Andy Haldane at the Bank of England is saying that savings made in the last year could all flood into the market in 2021 and start a ‘roaring 20s’ boom.
I gather the Resolution Foundation (cut from similar cloth to Haldane) think much the same.
I beg to differ.
Pent up demand in 1919 did not lead to sustained growth. The 20s did not roar in the UK.
The “Roaring Twenties” is normally taken to refer to the American economy, not the British.
Then there’s the actual claim about those savings:
As I noted earlier today, the government deficit is matched by a massive rise in household saving this year. But it is assumed that by the end of 2022 households will hardly be saving at all.
How likely is that? Look at household behaviour after 2009 as an indication: savings remained high, and much higher than is now being forecast for 2022 onwards, until 2016. Given all the uncertainties that now exist, I suspect a 4% ratio likely, at least, for a long time to come. That is much higher than forecast, and means spending in the economy will be much lower than the OBR predicts.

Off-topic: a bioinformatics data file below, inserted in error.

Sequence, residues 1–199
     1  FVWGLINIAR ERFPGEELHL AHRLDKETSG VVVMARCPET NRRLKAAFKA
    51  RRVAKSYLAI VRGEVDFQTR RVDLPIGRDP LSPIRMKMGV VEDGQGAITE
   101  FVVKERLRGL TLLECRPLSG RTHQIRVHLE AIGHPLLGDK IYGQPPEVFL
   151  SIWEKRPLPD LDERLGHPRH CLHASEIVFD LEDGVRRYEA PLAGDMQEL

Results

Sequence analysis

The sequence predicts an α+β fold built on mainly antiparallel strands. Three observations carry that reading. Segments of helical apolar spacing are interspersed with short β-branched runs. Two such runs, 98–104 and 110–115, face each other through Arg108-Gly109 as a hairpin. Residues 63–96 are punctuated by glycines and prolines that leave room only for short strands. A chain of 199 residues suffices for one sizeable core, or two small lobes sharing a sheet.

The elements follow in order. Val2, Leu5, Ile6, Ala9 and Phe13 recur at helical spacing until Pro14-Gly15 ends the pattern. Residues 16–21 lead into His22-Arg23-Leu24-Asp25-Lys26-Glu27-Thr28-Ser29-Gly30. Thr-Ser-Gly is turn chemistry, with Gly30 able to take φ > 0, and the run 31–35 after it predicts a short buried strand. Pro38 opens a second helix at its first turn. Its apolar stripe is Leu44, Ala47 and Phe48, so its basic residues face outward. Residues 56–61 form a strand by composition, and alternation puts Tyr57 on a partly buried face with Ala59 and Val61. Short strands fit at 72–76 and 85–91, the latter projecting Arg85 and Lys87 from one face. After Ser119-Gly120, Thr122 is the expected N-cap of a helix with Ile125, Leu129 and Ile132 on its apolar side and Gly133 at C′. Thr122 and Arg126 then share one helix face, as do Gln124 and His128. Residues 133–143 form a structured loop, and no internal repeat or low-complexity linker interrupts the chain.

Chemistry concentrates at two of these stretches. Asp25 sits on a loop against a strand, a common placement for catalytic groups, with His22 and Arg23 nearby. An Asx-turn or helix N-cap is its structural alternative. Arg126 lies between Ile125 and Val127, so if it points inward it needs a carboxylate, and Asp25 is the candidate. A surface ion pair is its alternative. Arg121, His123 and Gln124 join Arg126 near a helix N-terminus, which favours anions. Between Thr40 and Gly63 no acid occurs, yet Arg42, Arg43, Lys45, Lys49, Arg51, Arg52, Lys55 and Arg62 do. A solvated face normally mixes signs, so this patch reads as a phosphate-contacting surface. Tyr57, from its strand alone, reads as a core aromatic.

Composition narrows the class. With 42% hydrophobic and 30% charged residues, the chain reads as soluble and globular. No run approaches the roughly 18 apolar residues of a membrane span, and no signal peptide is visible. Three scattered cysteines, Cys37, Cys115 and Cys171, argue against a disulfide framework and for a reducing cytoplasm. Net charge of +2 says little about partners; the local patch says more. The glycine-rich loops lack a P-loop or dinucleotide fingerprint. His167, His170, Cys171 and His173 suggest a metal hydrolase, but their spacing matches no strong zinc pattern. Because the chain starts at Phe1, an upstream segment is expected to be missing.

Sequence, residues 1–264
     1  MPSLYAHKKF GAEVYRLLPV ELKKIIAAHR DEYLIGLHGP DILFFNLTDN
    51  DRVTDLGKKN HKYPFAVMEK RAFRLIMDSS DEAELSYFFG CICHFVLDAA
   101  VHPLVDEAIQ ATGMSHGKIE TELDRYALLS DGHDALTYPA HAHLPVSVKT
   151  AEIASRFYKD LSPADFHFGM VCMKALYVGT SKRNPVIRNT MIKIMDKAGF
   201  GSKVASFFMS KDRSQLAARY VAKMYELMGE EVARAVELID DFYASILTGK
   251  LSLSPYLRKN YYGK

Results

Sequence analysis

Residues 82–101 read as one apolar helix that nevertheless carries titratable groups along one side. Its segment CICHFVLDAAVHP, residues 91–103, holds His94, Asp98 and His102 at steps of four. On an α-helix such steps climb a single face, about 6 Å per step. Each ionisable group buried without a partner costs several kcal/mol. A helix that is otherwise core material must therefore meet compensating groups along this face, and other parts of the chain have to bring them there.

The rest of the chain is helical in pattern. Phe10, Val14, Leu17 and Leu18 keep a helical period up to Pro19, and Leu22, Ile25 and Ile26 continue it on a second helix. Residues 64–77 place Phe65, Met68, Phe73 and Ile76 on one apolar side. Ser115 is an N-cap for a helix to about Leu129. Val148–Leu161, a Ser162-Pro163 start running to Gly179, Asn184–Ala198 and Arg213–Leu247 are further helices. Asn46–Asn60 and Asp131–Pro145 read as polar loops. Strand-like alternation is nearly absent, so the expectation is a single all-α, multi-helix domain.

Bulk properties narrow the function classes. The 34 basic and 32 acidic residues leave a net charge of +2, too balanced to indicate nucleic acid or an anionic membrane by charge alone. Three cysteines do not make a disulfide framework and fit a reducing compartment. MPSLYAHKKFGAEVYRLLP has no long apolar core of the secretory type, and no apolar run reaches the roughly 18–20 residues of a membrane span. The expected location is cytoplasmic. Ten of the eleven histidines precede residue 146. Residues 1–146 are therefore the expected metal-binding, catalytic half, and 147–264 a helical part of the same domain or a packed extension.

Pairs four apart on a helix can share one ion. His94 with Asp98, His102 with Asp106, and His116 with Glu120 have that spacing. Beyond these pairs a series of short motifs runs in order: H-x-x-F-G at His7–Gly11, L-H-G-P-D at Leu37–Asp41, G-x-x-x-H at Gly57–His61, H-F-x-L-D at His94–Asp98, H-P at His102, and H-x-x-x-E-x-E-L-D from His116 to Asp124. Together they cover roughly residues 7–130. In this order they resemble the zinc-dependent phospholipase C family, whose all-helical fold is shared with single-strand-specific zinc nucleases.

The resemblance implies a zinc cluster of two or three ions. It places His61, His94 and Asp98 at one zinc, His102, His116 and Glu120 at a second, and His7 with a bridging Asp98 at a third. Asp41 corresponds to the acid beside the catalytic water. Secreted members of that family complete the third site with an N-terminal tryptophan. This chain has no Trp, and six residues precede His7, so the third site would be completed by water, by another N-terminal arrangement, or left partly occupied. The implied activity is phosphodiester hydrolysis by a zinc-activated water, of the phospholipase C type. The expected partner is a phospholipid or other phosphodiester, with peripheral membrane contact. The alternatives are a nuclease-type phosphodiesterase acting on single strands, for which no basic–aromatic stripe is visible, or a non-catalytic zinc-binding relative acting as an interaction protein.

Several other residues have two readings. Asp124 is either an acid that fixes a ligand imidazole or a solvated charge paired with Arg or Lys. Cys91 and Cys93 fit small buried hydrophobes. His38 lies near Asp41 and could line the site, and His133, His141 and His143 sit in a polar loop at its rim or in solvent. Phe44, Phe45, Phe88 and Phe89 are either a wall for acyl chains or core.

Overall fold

That’s Snippa’s. This is Bailey’s:
Excess savings of about £100bn built up by UK households during Covid-19 lockdowns are now being spent and could speed up Britain’s economic recovery, according to the Bank of England’s chief economist.
Andy Haldane told the Daily Mail there was “huge pent-up demand”, and that a big spending spree could help the economy bounce back more quickly than forecasters expected.
He said the UK savings ratio, which measures how much of disposal incomes is set aside, rose to 29% between April and June, compared with 6.8% in the same period last year.
So, yes, we would expect those savings to be run down, to produce a boost in spending.